For us as drivers, we get a week at home before coming back for the race. Even then, we arrive on the previous weekend, which means you have a lot of hanging around before the race. I take my bike and do my best to uncover the roads around the French countryside to keep me entertained.

Tradition plays a big part at Le Mans. The cars are paraded through the town for scrutineering, and the drivers are taken on a separate parade in front of 100,000 people, all of whom are lining the streets ahead of the action. Every year, a group of English guys dressed in Tweed called ‘The Tweed Army’ take up position at the same corner of the parade. These guys are my unofficial fan club, so we always have a bit of fun together when we’re there.

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Going to Le Mans for the first time in 2012 was a very confusing time for me. I had no idea of where to stay, what routine to follow in terms of eating or sleeping, and was generally relying on my team-mates Peter Dumbreck and David Brabham to hold my hand. Luckily, they had 23 Le Mans starts between them at the time and taught me a great deal. Since then, I’ve been much better prepared.

All the drivers stay at the circuit in little mobile homes or camper vans – and I have to say it’s pretty cool being able to walk to work in 3 minutes. The downside of staying at the track is that you have 280,000 very noisy neighbours in the campsites around the circuit, not to mention the 60 race cars making a lot of noise!

On race day, you would imagine the organisers would allow the drivers to have a lie in before the race but, instead, we’re up at 7am for a morning warm up session. The opening ceremony is always amazing. The national anthem is played for every one of the 166 different nations represented by the drivers on the grid. To hear the Indian anthem playing out, knowing it is just for me, in front of all those thousands of people in the grandstands, is a real ‘goose-bumps’ moment. And I always take an Indian flag with me to celebrate.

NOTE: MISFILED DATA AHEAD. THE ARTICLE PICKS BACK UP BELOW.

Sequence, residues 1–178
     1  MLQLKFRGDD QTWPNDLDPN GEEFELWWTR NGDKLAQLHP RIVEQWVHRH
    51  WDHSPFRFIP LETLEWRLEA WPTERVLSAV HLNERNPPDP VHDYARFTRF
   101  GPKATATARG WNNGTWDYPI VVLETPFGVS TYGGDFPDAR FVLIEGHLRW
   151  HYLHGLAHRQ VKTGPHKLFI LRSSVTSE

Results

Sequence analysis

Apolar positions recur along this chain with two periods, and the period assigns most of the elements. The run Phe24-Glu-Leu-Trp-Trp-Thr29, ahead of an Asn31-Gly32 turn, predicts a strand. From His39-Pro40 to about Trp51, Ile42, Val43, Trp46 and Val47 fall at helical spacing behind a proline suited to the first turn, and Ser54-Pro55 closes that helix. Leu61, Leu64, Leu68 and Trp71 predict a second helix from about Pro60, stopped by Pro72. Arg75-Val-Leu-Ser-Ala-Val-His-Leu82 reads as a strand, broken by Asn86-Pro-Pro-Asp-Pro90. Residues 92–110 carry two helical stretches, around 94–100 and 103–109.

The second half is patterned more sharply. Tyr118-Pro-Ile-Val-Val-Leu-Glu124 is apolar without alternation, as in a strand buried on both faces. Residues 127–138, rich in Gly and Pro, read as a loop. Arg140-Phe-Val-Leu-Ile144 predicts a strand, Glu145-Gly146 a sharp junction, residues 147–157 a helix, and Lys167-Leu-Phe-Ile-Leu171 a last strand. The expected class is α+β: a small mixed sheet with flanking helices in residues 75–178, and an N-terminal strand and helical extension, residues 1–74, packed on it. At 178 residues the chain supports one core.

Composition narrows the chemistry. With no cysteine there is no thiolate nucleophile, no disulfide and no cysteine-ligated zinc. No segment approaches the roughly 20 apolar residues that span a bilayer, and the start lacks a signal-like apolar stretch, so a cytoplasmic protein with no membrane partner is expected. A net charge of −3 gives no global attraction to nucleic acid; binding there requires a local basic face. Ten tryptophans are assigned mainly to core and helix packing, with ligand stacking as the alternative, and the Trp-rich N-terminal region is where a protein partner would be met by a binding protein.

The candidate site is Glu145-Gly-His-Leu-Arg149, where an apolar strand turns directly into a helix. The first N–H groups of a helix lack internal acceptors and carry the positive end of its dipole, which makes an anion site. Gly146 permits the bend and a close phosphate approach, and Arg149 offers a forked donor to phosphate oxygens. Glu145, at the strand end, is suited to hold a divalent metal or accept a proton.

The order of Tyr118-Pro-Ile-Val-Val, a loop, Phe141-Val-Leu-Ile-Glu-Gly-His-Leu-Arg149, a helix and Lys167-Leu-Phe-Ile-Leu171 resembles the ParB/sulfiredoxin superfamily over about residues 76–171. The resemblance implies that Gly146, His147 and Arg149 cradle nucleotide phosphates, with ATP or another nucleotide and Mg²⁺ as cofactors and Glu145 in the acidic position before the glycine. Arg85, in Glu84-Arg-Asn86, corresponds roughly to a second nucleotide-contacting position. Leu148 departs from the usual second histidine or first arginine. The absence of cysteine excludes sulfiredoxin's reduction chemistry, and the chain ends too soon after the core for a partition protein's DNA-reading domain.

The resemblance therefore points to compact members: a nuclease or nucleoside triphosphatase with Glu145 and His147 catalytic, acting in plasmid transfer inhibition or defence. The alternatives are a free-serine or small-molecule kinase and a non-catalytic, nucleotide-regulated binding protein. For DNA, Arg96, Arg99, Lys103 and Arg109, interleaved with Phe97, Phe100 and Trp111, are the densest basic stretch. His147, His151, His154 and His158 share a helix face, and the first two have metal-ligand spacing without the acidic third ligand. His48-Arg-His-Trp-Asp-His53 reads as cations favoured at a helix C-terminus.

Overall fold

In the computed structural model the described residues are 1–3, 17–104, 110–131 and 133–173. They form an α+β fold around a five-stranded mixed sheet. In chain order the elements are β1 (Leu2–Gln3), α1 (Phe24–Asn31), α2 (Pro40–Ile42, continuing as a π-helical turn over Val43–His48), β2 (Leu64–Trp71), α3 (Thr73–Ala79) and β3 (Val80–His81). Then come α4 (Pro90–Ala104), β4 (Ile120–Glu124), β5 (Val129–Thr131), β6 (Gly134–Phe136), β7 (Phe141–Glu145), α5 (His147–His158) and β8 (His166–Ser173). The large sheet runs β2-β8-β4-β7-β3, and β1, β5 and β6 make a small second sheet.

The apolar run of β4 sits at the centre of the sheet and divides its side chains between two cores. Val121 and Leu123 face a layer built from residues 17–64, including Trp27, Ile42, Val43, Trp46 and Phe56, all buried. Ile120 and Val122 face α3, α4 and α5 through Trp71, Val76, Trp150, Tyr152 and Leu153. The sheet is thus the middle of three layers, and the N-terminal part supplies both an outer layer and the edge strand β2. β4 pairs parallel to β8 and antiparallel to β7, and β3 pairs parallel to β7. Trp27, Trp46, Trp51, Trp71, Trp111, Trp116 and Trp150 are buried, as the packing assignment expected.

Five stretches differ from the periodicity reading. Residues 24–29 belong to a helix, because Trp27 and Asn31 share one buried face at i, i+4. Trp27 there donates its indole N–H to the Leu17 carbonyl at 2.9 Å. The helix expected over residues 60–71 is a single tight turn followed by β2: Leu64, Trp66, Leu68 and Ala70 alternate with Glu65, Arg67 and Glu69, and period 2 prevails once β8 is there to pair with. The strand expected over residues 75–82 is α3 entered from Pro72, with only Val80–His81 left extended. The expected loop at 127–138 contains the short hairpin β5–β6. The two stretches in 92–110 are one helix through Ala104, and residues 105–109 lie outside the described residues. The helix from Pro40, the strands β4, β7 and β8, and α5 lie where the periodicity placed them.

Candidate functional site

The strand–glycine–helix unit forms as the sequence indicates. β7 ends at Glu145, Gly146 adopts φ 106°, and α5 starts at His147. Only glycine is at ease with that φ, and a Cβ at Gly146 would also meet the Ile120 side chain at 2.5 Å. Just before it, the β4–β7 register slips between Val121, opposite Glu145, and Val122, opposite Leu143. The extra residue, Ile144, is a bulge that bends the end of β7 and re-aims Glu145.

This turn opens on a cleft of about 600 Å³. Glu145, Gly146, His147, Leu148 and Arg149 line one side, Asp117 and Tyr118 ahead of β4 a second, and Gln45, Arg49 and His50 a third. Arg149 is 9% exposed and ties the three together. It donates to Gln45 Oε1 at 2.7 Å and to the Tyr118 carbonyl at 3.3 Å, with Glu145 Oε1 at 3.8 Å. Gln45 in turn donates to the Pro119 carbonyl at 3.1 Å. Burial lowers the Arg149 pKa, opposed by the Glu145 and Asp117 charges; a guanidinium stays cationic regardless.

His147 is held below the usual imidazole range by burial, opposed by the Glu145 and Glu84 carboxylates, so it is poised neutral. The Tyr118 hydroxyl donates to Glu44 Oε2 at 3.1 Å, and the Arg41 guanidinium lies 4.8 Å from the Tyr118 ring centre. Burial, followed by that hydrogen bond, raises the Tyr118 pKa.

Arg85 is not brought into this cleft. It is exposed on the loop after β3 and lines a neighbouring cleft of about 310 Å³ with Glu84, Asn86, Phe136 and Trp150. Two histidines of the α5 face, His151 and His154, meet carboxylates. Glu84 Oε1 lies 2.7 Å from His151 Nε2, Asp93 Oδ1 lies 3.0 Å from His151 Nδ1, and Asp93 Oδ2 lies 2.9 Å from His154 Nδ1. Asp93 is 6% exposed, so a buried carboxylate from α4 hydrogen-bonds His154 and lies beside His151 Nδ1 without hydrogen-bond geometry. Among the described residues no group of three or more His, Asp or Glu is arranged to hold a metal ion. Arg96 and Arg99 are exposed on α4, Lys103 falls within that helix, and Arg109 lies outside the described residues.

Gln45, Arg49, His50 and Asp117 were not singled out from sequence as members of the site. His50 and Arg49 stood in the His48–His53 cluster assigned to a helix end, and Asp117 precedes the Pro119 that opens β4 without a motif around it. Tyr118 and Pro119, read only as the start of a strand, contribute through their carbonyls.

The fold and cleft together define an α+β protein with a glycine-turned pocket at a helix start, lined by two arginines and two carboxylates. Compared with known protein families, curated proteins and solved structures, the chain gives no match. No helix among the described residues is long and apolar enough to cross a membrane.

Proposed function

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For some reason, it feels like every year I seem to end up with the night shift. All the engineers I have worked with over the years insist that they just put the names into an Excel file and that’s the way it’s worked out, but I’m not convinced. In 2013, I got in the car at 2:30am and finally got out at 6:20am after a quadruple stint which I can safely say was one of the hardest things I’ve ever done in my career. We were chasing from behind, so I was taking big risks in the rain to make up time.

The fatigue really sets in. By that point, I’d been awake for nearly 24 hours – apart from a little power-nap – and it’s amazing what an effect that has. When you’re charging along at 320kmh, speeding through the forests in the pitch dark, believe me, the mind starts to play tricks on you. You start to see parts of the track that aren’t there, hearing noises that don’t mean anything or seeing random bits of light which aren’t really other cars but people in the grandstands.

I remember one year arriving into Indianapolis [corner] at about 4am in the dark, and there was a wall of smoke. I backed off, thinking an engine had blown up and there may have been oil on the track. But instead of burnt oil, I got the smell of burgers and sausages, as it turned out the smoke was from the local campsite!

Le Mans is a magical event which is mentally, physically and emotionally draining. But when you do get to the end, that’s what makes it so hugely satisfying!